Federal Government, States Working To Implement High-Risk Pools

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Federal Government, States Working To Implement High-Risk Pools

In one of the first of many deadlines associated with the new health care reform law, states had until the end of April 2010 to inform the Department of Health and Human Services (HHS) of their decision to establish a high-risk insurance pool.

Seventeen states have said they will allow the federal government to establish its own high-risk pools in their states, while 29 states and the District of Columbia have said they will create their own pools using federal funding. Florida and Arizona have yet to respond to HHS about their decision despite the passage of the deadline, while Rhode Island and Utah have requested applications and additional information, and have indicated they will make decisions later.

The high-risk pool program has $5 billion in funding and is a temporary measure until 2014, when insurance companies will be prohibited from discriminating against people with pre-existing conditions. The pools must be in place by this summer to help adults with pre-existing conditions buy insurance coverage, as insurance coverage for these individuals is often prohibitively expensive.

“We…look forward to working together to provide people who have been denied coverage for so long, access to some much needed relief through the creation of temporary high-risk pools,” said HHS spokeswoman Jenny Backus in a statement. “Whether states create these pools or the federal government creates them for states, the pools will be paid for by 100 percent federal dollars and most importantly – uninsured people around the country will soon have access to another affordable coverage option.”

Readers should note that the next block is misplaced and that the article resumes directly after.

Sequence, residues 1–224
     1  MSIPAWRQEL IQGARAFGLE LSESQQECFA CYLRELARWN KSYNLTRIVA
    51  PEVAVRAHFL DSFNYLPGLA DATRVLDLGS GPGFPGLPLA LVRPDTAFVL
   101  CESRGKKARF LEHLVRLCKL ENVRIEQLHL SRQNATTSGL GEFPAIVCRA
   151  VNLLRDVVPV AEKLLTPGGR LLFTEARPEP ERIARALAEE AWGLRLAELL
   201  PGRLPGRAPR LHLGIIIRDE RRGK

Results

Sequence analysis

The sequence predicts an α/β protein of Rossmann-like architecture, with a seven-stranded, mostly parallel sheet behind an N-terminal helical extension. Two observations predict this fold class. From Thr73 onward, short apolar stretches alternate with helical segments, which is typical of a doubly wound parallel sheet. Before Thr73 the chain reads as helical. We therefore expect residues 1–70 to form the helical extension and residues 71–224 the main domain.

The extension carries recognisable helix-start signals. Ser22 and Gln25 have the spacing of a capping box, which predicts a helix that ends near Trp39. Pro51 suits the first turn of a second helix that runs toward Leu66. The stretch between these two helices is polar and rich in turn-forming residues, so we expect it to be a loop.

The department had assumed that some states, especially smaller states that could benefit from having their residents in a larger federal pool that spreads the risk among more people, would choose to allow the federal government to establish pools. However, some states that turned down the opportunity to create their own pools cited concerns that the $5 billion HHS had set aside for the pools wouldn’t be enough and the states would have to cover the rest of the cost. HHS told state officials in a recent conference call that they wouldn’t let this happen.

Alaska, Arkansas, California, Colorado, Connecticut, Illinois, Iowa, Kansas, Kentucky, Maine, Maryland, Massachusetts, Michigan, Missouri, Montana, New Hampshire, New Jersey, New Mexico, New York, North Carolina, Ohio, Oklahoma, Oregon, Pennsylvania, South Dakota, Vermont, Washington, West Virginia, Wisconsin and the District of Columbia have chosen to run their own programs.

HHS will run programs in Alabama, Delaware, Georgia, Hawaii, Idaho, Indiana, Louisiana, Minnesota, Mississippi, Nebraska, Nevada, North Dakota, South Carolina, Tennessee, Texas, Virginia and Wyoming.

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Courtesy of NASE.org